More Than 40 Years Dedicated Exclusively to Military Law | Learn More About Philip D. Cave

Here is a link to the Report of the Fort Hood Independent Review Committee.

Although the Findings in this Report outline failures in leadership, they should not be interpreted as an indictment of military commanders or the U. S. Army. While the issues raised in this Report are serious and require urgent attention, they did not result from intentional or malicious action. Rather, the climate described throughout this Report was the result of inaction in critical areas like the SHARP Program that are critical to the health and safety of our Soldiers.

This climate was the product of a mindset developed over the course of almost two decades of intense military conflicts and countering threats to the national security of this Nation around the globe. Military readiness became paramount over all other responsibilities, without fully appreciating that integrity and respect between and among Soldiers is a critical component of military readiness. Over the years, those in command at Fort Hood, however, failed to make the connection between the health and safety of the Soldiers and mission readiness. This paradigm of benign neglect was allowed to take root over time at Fort Hood, at the expense of Soldiers, particularly females in combat units. Continue reading

As the cannabis industry continues to take root state by state, the House of Representatives voted in favor of removing marijuana from the federal Controlled Substances Act.

The House voted Friday on the Marijuana Opportunity Reinvestment and Expungement Act, or MORE Act, which decriminalizes cannabis and clears the way to erase nonviolent federal marijuana convictions. The Senate is unlikely to approve the bill.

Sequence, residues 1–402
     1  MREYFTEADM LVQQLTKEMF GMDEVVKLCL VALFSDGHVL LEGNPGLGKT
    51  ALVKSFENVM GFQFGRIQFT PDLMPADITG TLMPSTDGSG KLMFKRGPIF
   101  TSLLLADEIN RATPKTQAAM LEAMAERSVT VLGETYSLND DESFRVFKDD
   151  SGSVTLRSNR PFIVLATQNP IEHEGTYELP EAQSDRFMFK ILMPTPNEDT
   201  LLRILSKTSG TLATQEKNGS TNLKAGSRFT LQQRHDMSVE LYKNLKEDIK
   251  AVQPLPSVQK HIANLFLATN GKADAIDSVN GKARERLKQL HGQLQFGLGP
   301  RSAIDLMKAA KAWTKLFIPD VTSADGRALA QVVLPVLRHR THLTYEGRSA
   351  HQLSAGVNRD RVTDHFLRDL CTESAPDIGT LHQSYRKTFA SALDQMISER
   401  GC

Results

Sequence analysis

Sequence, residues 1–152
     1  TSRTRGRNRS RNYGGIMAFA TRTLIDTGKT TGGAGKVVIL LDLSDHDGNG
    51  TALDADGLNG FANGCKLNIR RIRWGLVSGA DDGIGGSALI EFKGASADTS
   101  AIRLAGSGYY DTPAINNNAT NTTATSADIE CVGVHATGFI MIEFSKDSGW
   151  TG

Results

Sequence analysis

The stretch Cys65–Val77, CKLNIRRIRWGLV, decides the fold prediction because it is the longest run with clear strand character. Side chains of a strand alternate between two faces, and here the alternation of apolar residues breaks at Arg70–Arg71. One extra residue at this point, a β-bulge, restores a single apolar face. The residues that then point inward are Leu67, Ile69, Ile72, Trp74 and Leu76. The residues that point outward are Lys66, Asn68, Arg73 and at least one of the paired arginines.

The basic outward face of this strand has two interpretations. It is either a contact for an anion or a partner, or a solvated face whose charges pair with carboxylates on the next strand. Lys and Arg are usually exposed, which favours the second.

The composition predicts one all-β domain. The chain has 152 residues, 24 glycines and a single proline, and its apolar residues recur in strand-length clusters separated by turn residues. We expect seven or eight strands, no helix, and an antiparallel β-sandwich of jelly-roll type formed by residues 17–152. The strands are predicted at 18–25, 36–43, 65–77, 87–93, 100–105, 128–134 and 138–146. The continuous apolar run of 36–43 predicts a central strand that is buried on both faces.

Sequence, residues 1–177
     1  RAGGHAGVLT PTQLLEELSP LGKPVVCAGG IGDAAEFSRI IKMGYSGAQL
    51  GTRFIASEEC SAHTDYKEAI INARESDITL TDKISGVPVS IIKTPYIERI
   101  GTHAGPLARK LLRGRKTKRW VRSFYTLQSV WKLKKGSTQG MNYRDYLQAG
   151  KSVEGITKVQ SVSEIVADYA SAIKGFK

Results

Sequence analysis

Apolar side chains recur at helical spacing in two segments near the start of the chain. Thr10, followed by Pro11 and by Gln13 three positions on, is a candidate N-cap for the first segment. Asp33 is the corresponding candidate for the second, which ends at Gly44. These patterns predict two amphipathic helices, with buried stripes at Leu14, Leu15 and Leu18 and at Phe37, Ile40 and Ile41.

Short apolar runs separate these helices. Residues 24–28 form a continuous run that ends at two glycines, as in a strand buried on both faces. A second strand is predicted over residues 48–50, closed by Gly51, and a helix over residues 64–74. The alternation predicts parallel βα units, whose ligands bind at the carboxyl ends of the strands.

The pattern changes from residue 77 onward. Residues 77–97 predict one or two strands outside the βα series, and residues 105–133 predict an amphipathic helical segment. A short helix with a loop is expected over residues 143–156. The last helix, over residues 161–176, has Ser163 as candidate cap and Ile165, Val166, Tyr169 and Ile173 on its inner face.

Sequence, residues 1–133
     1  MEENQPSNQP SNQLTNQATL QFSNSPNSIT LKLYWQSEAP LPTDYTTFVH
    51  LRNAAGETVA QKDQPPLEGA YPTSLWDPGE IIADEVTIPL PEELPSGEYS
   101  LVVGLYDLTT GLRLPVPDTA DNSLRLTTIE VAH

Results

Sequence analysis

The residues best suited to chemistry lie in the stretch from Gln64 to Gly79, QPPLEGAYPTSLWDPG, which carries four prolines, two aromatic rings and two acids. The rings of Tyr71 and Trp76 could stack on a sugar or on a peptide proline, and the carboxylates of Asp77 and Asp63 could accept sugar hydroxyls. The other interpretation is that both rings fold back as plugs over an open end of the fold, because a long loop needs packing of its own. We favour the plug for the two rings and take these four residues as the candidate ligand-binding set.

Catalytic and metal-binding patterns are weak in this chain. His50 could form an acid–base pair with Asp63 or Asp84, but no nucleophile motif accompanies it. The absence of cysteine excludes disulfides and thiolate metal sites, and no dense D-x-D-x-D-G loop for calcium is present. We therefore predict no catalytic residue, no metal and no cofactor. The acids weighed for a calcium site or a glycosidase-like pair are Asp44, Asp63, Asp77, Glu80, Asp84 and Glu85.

So reports NBC News.

Several years ago, Beth Van Schaack highlighted a gap in U.S. law regarding atrocity crimes. Although well established in international criminal law as well as other areas of U.S. law, Title 18 of the U.S. Code lacks command responsibility as a mode of criminal responsibility. Following the issuance of pardons by President Donald Trump, Gabor Rona drew renewed attention to command responsibility as a mode of liability.

Brian Finucane, A Commander’s Duty to Punish War Crimes: Past U.S. Recognition. Just Security, 4 December 2020.

This duty to punish has been an element of command responsibility since at least the Hundred Years’ War. In 1439, King Charles VII of France issued an ordinance identifying the failure of a commander to discipline a subordinate as a basis for the punishment of the commander.

Courtesy of Global Military Justice Reform blog.

The Conference Report for the proposed William M. (Mac) Thornberry National Defense Authorization Act for Fiscal Year 2021 is now out and can be found here. Readers will want to look in particular at § 542, which imposes a 12-years-of-law-practice qualification for judges of the service Courts of Criminal Appeals and alters the current provision on factual sufficiency review by those courts. It’s found at pp. 544-48. Here is the conferees’ explanation:

Qualifications of judges and standard of review for Courts of Criminal Appeals (sec. 542)

Should a federal law that protects National Guard members and reservists from being fired from their private sector jobs while they are deployed also apply to state government jobs? Last week, the U.S. Supreme Court hinted it might weigh in on the issue.

The U.S. Supreme Court last Tuesday requested additional information from the Texas attorney general’s office on why the state should not be held accountable to the 1994 Uniformed Services Employment and Reemployment Rights Act (USERRA) which prohibits employers from retaliating against or firing National Guard members and reservists who are pulled from their full-time jobs to go on active duty.

Certain retirees are not subject to court-martial jurisdiction, so says Judge Richard J. Leon of the United States District Court for the District of Columbia in Larrabee v. Braithwaite. We should anticipate the circuit court and the Supreme Court will get to tell us their view.

After briefing and oral argument, the judge entered his judgement (Memorandum Opinion) on the pleadings.

The court begins with the proposition that,

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